Permitted Development Rights for Temporary Structures

Legislation Update
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Further to the announcement one month prior, the Ministry for Housing, Communities and Local Government (MHCLG) has now cemented the flexibility on moveable structures with secondary legislation in England.

New Class BB “moveable structures for specified uses” enables the temporary provision of any moveable structure without planning permission within the curtilage, and for the purposes, of:

  • A building operated under article 3(6)(p) such as a pub, wine bar or drinking establishment or (q) drinking establishment with expanded food provision;
  • A building operated under Class E (b) for the sale of food and drink mostly undertaken on the premises; or
  • Within a historic visitor attraction which is defined as a listed building accessible to the public for enjoyment and educational purposes.

The statutory instrument, laid before Parliament on 15th April, came into force the consecutive day on 16th April and is effective in England only until 1st January 2022.

In a letter dated 15th April, Robert Jenrick MP (Secretary of State for MHCLG) set out that to support businesses to open safely: “the government legislated to enable them to set up outdoor shelters and marquees without planning permissions”.

Guidance has also been published for how these structures can be set up safely and what conditions they need to meet to be considered “outdoors”.  For instance – in line with the existing rules for outdoor smoking areas – shelters, marquees and other structures erected by hospitality and other businesses can have a roof but need to have at least half of the area of their walls open at all times whilst in use.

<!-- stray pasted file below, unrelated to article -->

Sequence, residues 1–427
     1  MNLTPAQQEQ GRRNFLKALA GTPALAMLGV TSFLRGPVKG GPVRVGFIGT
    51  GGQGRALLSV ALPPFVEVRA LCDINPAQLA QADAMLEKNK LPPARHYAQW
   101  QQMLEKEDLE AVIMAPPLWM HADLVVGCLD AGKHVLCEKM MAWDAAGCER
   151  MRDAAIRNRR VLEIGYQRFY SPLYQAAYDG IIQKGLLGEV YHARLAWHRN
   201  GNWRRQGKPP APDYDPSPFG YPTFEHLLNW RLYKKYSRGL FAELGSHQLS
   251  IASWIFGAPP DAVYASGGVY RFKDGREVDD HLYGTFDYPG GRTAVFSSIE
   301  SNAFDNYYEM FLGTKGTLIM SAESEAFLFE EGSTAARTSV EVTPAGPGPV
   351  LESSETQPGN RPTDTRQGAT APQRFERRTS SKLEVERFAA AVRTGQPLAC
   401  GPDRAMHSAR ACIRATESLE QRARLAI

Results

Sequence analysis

Robert Jenrick has further encouraged local authority leaders to ensure that this guidance is applied proportionately and consistently to support businesses to reopen safely and to avoid overzealous interpretations of the rules.  He further notes that if a disproportionate regulatory approach is taken, it risks driving residents into unregulated activity and premises which may be far less covid-secure and/or illegal.

The Explanatory Memorandum accompanying the new legislation sets out that this measure does not remove the obligation to apply for listed building consent under the Planning (Listed Building and Conservation Area) Act 1990 where the provision of a moveable structure would require such an application.  Therefore, the provision of any moveable structure must not cause the alteration, demolition or extension of a listed building in any manner which would affect its character as a building of special architectural or historic interest.

The rights do not apply within the curtilage of a scheduled monument or if the moveable structure is for the display of an advertisement.  It is further unclear whether the permitted development rights are overruled by existing restrictive planning conditions that could apply to existing restaurants, bars and visitor attractions.

These measures are presented in conjunction with the roadmap for easing lockdown restrictions, first published in February.  This permitted development flexibility is intended as one such way to support the next stage by kickstarting the economy whilst operating within covid guidelines.

Ultimately, the provisions enabled via this latest legislative amendment will no doubt represent an incentive to many businesses across the country in terms enabling sheltered outdoor dining and drinking areas to be rolled out immediately without the traditional costs, time and other implications associated with a planning application.  It will likely be welcomed by hospitality operators big and small.

Should you wish to discuss these new permitted development rights, please don’t hesitate to contact a member of the Firstplan team.